John G. Par' Jr.
Director of Public Relations
National Federation of the Blind
(410) 659-9314, extension 2371
(410) 913-3912 (Cell)

The National Federation of the Blind Releases the 'Nonvisual Election Technology and Training Curriculum' for State Election Officials, Protection and Advocacy Organizations, and the General Public

Available Now on CD and on the World Wide Web

Casting a secret ballot is a right most Americans take for granted.  Now, for the first time ever, speech output technology voting machines make it possible for blind and visually impaired people to cast a secret ballot privately and independently.

Baltimore, MD ' (August 10, 2006) ' The National Federation of the Blind (NFB) is pleased to announce the immediate release of its free 'Nonvisual Election Technology Training Curriculum,' which provides comprehensive information and expertise about voting accessibility and nonvisual election technology.   In addition to the CD and accompanying materials, an online version of the training curriculum is also available. 

'Nonvisual Election Technology Training Curriculum'

Produced by the National Federation of the Blind Jernigan Institute, the 'Nonvisual Election Technology Training Curriculum' contains the following chapters:

  • An Introduction to Accessible Voting by Dr. Marc Maurer, President of the National Federation of the Blind
  • Why the NFB?
  • Voting, Accessibility, and the Law
  • Purchasing an Accessible Voting Machine
  • Training the Poll Worker
  • Comments by Dr. Betsy Zaborowski, Executive Director of the National Federation of the Blind Jernigan Institute
  • A video presentation about voting machines by some of the manufacturers
  • An evaluation by the National Center on Nonvisual Election Technology (NCNET) staff of all voting machines located at the National Center for the Blind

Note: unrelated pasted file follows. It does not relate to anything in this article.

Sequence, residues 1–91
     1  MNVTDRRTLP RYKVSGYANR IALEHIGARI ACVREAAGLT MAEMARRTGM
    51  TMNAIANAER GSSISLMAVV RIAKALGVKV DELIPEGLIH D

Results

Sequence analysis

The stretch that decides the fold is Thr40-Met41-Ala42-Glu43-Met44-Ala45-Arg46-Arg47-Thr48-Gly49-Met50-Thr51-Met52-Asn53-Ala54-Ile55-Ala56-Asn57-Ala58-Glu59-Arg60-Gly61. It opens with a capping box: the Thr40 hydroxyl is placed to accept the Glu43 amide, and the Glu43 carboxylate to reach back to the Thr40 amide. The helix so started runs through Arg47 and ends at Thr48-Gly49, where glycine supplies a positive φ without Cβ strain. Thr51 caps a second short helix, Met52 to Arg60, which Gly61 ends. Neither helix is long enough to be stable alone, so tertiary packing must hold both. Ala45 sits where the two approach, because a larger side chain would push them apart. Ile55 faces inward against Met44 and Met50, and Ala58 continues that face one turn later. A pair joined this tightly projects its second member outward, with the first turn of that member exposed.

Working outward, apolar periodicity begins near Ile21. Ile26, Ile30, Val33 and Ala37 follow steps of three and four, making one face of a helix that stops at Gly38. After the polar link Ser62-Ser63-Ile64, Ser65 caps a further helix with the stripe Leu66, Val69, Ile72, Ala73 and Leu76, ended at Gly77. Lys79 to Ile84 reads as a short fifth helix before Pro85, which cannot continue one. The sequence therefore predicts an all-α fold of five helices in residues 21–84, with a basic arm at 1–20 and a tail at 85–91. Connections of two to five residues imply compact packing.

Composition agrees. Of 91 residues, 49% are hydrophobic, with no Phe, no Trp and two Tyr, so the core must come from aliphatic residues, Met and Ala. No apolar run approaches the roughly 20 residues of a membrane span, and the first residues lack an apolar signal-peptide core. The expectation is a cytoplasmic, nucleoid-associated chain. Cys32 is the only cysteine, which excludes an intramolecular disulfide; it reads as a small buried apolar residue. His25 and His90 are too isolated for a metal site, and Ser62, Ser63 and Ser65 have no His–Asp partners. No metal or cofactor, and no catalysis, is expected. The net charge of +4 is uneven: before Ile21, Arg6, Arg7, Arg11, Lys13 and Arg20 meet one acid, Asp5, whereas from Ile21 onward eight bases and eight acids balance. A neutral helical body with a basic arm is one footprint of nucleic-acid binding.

In addition to the CD, the following information is also available in both print and Braille:

  • HAVA Usability Checklist
  • The 2004 Resolution of the National Federation of the Blind, Resolution 2004-01 Regarding:  Maintaining Accessible Voting for Blind People

For the third year, the National Federation of the Blind (NFB) is the recipient of the US Department of Health and Human Services, Administration on Developmental Disabilities' (ADD) Help America Vote Act (HAVA) grant program.  In order to create an awareness of nonvisual election technology and to promote voting accessibility for the blind, the NCNET, based at the National Federation of the Blind Jernigan Institute in Baltimore, Maryland, houses a comprehensive list of accessible voting machines for the blind.  These machines are available for demonstration and evaluation at no cost to officials or the public.  Reservations are required beforehand in order for NCNET staff to be available to provide free demonstrations, give expert advice, and answer questions.  
For further information, to make a reservation for a tour and evaluation, or to order additional curriculum packets, please contact Steven Booth at (410) 659-9314 or e-mail him at:

About the National Federation of the Blind
With more than 50,000 members, the National Federation of the Blind is the largest and most influential membership organization of blind people in the United States.  The NFB improves blind people's lives through advocacy, education, research, technology, and programs encouraging independence and self-confidence.  It is the leading force in the blindness field today and the voice of the nation's blind.  In January 2004 the NFB opened the National Federation of the Blind Jernigan Institute, the first research and training center in the United States for the blind led by the blind.